Some of the advantages of living in Los Angeles: nearly perfect weather; a vibrant culture; access to a variety of fresh produce all year round ; being able to be steeped in nature if one so chooses; the beach; great restaurants; a laid back live and let live attitude.
Some of the disadvantages of living in Los Angeles: traffic with a capital T; a size that requires detailed planning for every outing; no winter; not being able to see your friends as often as one would like (see size); celebrities.
Celebrities? As out of town guests often point out, it’s fun to come up close and personal with the famous, the infamous and the beautiful if you spend enough time here: Julia Roberts in the car next to you at a light; Dustin Hoffman retrieving his vehicle at the same valet; Nicole Kidman at Wholefoods; Gwen Stefani at the park…you don’t even have to shell out for the latest hot spots if you are into that kind of celebrity spotting. Bumping into people whose line of work includes having their faces enlarged on screens and posters can make you feel inadequate, in the looks department, and it has spawned a beauty enhancing industry on which American spent $12 billion dollars in 2014. In L.A., you can have botox injected over your lunch break, or sit at home for a week waiting for your skin to slough off after a chemical peel; you can have a $ 500 facial from an aesthetician known for vilifying her clients to their faces (oh, but she works miracles, they coo!); and then there is the pecking order of the most jettisoned (and most expensive) plastic surgeons whose credentials are the very faces we see on screen when we go to the movies.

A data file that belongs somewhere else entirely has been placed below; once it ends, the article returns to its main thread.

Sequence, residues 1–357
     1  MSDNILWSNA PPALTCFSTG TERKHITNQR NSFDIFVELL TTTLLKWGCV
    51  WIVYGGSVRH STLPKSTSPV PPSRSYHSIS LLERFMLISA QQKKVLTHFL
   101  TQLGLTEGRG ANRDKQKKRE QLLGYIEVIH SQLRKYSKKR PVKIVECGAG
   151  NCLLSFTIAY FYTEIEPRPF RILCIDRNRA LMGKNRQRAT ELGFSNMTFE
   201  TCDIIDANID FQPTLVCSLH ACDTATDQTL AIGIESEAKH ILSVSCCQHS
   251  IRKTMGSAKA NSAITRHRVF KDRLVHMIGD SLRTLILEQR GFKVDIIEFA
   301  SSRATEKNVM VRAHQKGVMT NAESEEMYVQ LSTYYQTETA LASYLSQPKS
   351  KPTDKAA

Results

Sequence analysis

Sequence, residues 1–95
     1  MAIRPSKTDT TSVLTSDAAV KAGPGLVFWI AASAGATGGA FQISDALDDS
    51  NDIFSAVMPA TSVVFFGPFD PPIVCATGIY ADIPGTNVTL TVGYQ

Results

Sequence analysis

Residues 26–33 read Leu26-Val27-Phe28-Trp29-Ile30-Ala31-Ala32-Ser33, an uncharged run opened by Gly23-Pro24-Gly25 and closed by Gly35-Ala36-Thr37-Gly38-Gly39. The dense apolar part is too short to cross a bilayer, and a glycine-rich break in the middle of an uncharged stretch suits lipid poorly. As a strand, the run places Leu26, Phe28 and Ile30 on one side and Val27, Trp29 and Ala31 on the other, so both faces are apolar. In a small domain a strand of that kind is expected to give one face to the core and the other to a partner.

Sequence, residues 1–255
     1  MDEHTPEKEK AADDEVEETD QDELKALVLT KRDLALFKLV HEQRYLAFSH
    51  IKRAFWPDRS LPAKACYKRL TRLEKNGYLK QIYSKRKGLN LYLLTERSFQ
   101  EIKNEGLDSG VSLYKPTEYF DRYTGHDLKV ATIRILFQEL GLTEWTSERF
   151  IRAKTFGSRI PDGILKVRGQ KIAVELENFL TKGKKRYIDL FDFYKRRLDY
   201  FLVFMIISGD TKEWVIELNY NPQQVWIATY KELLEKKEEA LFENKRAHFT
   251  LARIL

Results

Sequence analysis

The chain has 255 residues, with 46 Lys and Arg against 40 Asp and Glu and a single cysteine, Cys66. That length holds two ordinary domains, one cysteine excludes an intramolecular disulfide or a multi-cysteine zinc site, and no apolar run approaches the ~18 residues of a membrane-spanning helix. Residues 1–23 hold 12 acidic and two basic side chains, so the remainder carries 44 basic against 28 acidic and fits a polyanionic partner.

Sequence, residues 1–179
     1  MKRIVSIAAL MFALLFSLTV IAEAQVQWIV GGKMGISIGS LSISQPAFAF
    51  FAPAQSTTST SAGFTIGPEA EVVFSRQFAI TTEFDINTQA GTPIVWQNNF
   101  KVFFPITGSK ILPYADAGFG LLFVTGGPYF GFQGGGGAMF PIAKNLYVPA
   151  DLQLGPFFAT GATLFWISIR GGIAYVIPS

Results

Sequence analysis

Last week I found myself at a fundraising lunch where the attendees’ average age was mid to late 60 and I estimated a good 70% of the women had their faces retouched, more or less successfully. The week before I came very close up with three celebrities: Jane Fonda, 77, whose cosmetic surgery has left her familiar features untouched; Helen Hunt, 51, whose skin is porcelain white but a bit too taut and Maria Shriver, 59, who doesn’t appear to have done much at all.